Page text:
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    Managing 32 bit vs 64 bit References at Startup

    The need to determine whether a user is on a 32 bit or 64 bit processor has just come up. What's a reliable way to determine this at startup, e.g. test an Enviornment variable like CommonProgramFiles for "(x64)" or use some API call? I then need to ensure several references are correct. I thought I'd simply replace the specifc ones (Remove & AddFromFile). Appreciate any insight on a good way to accomplish this.

    Thanks,
    Marty

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    Star Lounger tgw7078's Avatar
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    Hi Marty,

    Wouldn't it be better to use late binding (no checked reference required) instead of early binding (requires checked references)? I typically develope code using early binding, so that I get the benefit of Intellisense. After the code is debugged, I convert to using late binding. Although I've never done any work in 64-bit environments, I suspect that late binding would be useful here as well. There are methods available to use conditional branching in VBA code, depending on 32-bit vs. 64-bit. Try searching the Access Blog at Microsoft--I'm pretty sure they have posted on this topic.

    Tom Wickerath
    Microsoft Access MVP
    2006 - 2011

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    In addition to Tom's suggestion, one way to tell whether you are running on a 64-bit system is to check for the existance of the "Program Files (x86)" folder - though if someone has a weirdly configured system where C:\ is not the system disk it can get interesting. The more challenging bit is determining whether you are running Office 32-bit or Office 64-bit. The concensus at this point is unless you need the really huge spreadsheet capability of Excel 64-bit, you want to avoid Office 64-bit. If you are truly stuck with having to use both versions, this MSDN article has lots of detailed information on programming issues.
    Wendell

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    Thanks for the input, Ill check the MSDN article out. Tom, regarding late binding of the references, are you refering to an approach where the db is compiled with out them and, upon the FE's starup, the references arae set? I tried doing this, but can't create the compiled FE. I keep getting the message:

    This error is usually associated with compiling a large database into an MDE file. Because of the method used to compile the database, a considerable number of TableID references are created for each table. The Access database engine can only create a maximum of 2048 open TableIDs at one time. Exporting a database as an MDE potentially can exceed this limit if the database has a large number of objects (table, macro, form, report, etc).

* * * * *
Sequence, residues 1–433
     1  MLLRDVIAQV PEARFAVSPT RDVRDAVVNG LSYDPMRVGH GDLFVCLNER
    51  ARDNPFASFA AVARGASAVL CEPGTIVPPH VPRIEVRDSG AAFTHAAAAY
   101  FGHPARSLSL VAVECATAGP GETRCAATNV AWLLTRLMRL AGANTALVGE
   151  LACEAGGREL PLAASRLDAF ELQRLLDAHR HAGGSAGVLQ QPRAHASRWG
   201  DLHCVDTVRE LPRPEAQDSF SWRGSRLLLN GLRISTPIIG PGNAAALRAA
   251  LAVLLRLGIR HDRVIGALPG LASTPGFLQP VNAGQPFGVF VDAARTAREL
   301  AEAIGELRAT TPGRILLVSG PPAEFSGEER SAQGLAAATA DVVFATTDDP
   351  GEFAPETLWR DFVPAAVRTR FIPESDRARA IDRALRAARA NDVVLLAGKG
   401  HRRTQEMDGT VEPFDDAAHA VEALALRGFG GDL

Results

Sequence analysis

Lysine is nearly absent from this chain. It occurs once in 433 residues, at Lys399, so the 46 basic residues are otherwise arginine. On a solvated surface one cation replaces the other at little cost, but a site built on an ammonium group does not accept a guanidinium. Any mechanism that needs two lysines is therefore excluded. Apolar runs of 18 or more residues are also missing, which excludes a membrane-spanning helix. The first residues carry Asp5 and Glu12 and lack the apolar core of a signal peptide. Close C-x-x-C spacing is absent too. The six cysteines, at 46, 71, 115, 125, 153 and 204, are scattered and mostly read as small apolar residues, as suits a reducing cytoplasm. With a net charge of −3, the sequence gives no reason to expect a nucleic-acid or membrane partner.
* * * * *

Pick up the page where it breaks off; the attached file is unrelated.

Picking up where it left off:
There is no accurate method to estimate the number of TableIDs the Access database engine uses during the process of compiling a database as an MDE. However, each VBA module and each form uses one TableID, as a result, if the database has 500 forms, and each form's HasModule property is set to Yes, as many as 1,000 TableIDs are used.

    If I leave the references in, I have no problem compiling the FE. I must not be doing something correctly.

    Marty

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    Star Lounger tgw7078's Avatar
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    Hi Marty,

    > Tom, regarding late binding of the references, are you refering to an approach where the db is compiled with out them...

    Yes. However, if your code has not been converted to use late binding, and there is a dependency on a checked reference, then any attempt to compile the code will fail.

    Note: If you can remove a reference, and your code compiles okay, then you did not need that reference, period. It is ALWAYS best to starve the references listing. In other words, do not allow a reference to remain checked unless it is absolutely necessary for your code to compile.

    > ...and, upon the FE's starup, the references are set?

    No. Late bound code does not require that any references be set. Here is a sample file that you are welcome to download from my web site, which uses late bound (no reference required) code to automate Excel:

    Automation with Late Binding (Calling Excel's NormInv function)
    http://www.accessmvp.com/TWickerath/...Statistics.zip


    Tom Wickerath
    Microsoft Access MVP
    2006 - 2011

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